Happy 61st Birthday, President Barack Obama! | August 4th
A voter turnout of historical proportions, Barack Hussein Obama, II became the 44th President of the United States of America, and the first Black American to serve as Commander in Chief on January 9, 2009. Born in Hawaii, President Obama graduated from Columbia University and worked as a community organizer in Chicago in 1983. In 1988 he enrolled in Harvard Law School and after graduating became a civil rights attorney and taught constitutional law at the University of Chicago Law School before serving in the Illinois Senate from 1997 to 2004. In 2004, he successfully ran for the U.S. Senate and served as Senator from Illinois. As United States President, he focused on LGBT rights and healthcare reform and signed many landmark bills into law including the Affordable Care Act, the Dodd-Frank Wall Street Reform and Consumer Protection Act, Don’t Ask, Don’t Tell repeal Act of 2010, and the American Recovery and Reinvestment Act of 2009 to name a few. Barack Obama now runs the Obama Foundation with his wife and former First Lady, Michelle Obama.
International Day of the World’s Indigenous People | August 9th
In 1994, the UN General Assembly declared that August 9th would be International Day of the World’s Indigenous Peoples. The UN stated that on this day, “people from around the world are encouraged to spread the UN’s message on the protection and promotion of the rights of indigenous peoples.” The focus this year is “The Role of Indigenous Women in the Preservation and Transmission of Traditional Knowledge.”
On This Day in 2007…
Sponsored by the Human Rights Campaign, the Logo cable channel hosts the first American presidential forum focusing specifically on LGBT issues, inviting each presidential candidate. Six Democrats participate in the forum, including Hillary Clinton and Barack Obama, while all Republican candidates decline.
Raksha Bandhan (Hindu Festival) | August 11th
This ancient Hindu festival is also known as Rakhi Purnima. It is celebrated on the full moon of the Hindu month 'Shravana' and commemorates the loving kinship between a brother and sister. “Raksha” means “protection” in Hindi and symbolizes the longing a sister has to be protected by her brother. During the celebration, a sister ties a string around her brother’s (or brother-figure’s) wrist and asks him to protect her. The brother usually gives the sister a gift and agrees to protect her for life.
Ullambana (Buddhist Festival) | August 12th
Sometimes called “Ancestor Day” or “Ghost Festival,” this Buddhist festival is observed in many countries, including China, Japan, India, Laos, Cambodia, Thailand, and Malaysia. Celebrated across fifteen days, the festival of Ullambana is marked on a different date every year following the lunisolar calendar. The word “Ullambana” is derived from a Sanskrit word which literally means "deliverance from suffering." This festival is generally celebrated to provide salvation to the anguished souls of near and dear ones in Hell and obtain liberation for them. Offerings are made to the departed relatives to satiate their hunger - a ritual which derives from the Ullambana Sutra. This practice is said to have originated with offerings made by the Arhat Mahāmaudgalyāyana when he realized through his magical powers that his mother had been reborn as a hungry ghost.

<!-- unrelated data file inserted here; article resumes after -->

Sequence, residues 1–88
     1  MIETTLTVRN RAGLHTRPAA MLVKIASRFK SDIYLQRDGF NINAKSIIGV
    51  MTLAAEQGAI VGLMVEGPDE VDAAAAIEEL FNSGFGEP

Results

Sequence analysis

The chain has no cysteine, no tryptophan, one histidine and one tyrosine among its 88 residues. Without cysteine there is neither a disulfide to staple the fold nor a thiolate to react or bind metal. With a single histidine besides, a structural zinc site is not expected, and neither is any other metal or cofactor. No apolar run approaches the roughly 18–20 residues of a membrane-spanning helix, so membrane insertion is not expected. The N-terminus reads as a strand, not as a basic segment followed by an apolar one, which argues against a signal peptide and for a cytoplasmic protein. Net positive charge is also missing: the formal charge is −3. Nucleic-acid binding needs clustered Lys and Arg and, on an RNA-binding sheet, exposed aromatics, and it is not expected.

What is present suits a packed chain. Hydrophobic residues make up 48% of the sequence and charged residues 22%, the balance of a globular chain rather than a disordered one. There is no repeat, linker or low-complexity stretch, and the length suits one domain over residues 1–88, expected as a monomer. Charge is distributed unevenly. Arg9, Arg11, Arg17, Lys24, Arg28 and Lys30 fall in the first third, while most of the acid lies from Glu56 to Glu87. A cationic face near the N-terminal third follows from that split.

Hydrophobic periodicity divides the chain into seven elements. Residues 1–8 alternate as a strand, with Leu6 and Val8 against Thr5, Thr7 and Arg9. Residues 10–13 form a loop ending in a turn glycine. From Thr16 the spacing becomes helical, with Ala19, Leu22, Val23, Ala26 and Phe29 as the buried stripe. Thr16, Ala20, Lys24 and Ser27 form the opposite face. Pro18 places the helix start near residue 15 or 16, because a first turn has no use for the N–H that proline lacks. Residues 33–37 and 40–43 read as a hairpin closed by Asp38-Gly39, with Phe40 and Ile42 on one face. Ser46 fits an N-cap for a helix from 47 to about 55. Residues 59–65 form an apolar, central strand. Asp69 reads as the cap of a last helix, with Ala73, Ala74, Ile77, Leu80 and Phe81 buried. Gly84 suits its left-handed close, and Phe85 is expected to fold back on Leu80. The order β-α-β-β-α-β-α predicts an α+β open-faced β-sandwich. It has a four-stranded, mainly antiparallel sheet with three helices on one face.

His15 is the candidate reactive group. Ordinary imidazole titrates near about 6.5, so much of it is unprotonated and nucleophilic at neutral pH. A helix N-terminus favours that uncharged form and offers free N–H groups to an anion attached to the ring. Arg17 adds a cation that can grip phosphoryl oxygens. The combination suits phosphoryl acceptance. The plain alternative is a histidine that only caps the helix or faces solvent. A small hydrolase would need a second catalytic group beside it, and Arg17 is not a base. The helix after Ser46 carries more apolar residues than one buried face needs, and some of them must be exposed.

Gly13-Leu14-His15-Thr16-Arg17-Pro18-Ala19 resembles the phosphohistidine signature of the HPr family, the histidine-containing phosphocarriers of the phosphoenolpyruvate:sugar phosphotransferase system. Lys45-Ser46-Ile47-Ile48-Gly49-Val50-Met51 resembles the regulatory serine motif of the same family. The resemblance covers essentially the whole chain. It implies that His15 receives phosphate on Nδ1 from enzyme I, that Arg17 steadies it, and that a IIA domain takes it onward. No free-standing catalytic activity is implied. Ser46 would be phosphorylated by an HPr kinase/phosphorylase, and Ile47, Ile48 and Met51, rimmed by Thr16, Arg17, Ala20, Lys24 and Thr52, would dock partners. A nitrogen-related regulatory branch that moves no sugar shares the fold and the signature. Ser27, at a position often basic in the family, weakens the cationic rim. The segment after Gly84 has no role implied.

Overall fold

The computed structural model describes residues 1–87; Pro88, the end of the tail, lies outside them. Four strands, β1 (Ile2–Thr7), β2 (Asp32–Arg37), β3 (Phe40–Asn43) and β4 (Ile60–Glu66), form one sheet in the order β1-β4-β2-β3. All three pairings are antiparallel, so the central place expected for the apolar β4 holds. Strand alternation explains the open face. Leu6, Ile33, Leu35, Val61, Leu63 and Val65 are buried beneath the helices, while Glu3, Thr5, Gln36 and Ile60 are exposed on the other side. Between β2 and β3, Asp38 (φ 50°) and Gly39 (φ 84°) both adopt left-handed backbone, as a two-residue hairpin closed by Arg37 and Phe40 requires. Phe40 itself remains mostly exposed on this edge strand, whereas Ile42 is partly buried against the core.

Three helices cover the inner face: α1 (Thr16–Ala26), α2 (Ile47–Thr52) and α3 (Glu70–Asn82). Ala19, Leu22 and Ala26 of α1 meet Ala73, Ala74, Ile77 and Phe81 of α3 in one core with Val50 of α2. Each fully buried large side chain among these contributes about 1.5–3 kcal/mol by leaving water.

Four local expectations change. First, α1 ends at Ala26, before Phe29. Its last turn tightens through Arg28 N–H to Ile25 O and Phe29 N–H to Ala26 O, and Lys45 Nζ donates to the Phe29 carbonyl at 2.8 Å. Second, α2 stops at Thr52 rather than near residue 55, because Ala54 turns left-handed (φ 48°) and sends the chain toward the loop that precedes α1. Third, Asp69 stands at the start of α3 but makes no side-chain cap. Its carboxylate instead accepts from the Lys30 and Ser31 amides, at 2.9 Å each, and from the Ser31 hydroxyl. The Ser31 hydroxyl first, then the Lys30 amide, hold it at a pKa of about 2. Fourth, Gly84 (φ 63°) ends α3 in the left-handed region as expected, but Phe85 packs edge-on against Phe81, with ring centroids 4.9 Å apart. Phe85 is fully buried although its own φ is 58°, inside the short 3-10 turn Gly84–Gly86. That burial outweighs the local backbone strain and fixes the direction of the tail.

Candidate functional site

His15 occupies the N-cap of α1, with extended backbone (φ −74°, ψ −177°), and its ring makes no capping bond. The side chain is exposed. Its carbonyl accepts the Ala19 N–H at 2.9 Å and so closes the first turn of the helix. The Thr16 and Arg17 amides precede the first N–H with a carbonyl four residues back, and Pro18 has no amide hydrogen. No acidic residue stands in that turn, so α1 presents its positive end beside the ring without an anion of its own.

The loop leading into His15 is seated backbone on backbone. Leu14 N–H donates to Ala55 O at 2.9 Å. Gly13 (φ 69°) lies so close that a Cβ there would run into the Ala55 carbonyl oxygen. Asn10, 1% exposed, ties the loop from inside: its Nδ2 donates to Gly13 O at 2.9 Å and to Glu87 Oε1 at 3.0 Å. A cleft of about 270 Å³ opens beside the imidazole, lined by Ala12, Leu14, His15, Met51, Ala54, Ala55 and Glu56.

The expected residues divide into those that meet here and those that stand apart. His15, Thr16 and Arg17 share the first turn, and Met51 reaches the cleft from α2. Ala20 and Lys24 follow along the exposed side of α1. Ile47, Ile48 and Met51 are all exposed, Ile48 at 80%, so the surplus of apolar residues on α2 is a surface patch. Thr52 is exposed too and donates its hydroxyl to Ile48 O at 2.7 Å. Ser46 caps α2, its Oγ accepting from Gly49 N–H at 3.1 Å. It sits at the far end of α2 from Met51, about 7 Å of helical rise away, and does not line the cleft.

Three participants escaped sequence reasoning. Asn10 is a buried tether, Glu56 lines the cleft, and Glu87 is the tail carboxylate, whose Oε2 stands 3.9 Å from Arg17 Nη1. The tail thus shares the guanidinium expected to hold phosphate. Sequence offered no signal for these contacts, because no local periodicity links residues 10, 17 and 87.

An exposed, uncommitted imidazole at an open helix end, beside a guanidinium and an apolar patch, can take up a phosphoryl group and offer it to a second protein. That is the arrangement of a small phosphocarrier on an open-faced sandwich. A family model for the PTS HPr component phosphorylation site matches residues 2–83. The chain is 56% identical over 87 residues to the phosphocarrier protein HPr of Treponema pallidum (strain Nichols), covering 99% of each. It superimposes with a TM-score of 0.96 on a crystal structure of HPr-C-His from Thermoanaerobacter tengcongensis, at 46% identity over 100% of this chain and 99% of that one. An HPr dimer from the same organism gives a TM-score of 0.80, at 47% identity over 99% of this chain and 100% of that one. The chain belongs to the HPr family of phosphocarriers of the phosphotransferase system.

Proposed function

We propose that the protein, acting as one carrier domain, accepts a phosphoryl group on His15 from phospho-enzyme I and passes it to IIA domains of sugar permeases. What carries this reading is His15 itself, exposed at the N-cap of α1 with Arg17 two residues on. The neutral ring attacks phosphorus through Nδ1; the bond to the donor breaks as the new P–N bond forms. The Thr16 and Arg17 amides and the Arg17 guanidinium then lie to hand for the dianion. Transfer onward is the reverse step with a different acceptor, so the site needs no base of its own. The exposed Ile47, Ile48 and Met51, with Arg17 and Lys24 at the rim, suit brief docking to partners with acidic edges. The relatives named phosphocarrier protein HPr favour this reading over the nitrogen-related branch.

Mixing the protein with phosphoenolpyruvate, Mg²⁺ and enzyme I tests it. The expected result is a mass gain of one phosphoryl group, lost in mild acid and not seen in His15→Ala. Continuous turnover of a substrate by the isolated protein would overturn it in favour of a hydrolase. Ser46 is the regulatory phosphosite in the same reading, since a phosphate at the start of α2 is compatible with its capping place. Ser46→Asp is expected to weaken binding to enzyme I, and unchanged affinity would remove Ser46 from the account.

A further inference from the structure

Obon (Japanese Buddhist Holiday) | August 13th
Similar to Ullambana, Oban is a Japanese Buddhist festival and custom for honoring the spirits of ancestors. Also known as “Bon,” Oban began as a Buddhist custom but has evolved into a holiday in which families hold reunions and visit their ancestral homes. The name of the festival loosely translates to “Festival of the Dead,” and is celebrated on different dates in different regions depending on whether the lunar or solar calendar is being observed. In Japan, Obon is celebrated from the 13th to the 15th day of the seventh lunar month.
Janmashtami (Hindu Festival) | August 18th-19th
Celebrated by an estimated 930 million people all around the world, Janmashtami is an annual Hindu religious festival that celebrates the birth of Lord Krishna. According to the Hindu calendar, it is observed on the Ashtami Tithi of Krishna Paksha - the eighth day of the Hindu lunar calendar. This is an important festival in Hinduism. Krishna Janmashtami has great significance in Mathura and Vrindavan. It is said that Lord Krishna was born in Mathura and spent his childhood in both Mathura and Vrindavan. Devotees also perform fast on this auspicious day.
On This Day in 1861… | August 23rd
James Stone of Ohio enlisted to become the first black to fight for the Union during the Civil War. He was very light skinned and was married to a white woman. His racial identity was revealed after his death in 1862.
Happy 57th Birthday, Marlee Matlin! | August 24th
American Actress, Author, and Activist, Marlee Matlin lost all hearing in her right ear and 80% of the hearing in her left ear at the age of 18 months due to illness and fevers. Marlee Matlin has had decades of success in the entertainment industry, receiving worldwide critical acclaim for her film debut in Paramount Pictures' Children of a Lesser God (1986) for which she won the Academy Award for Best Actress. Her victory is especially notable as she became not only the youngest person to win in that category, but also the first hearing-impaired person to win an Oscar.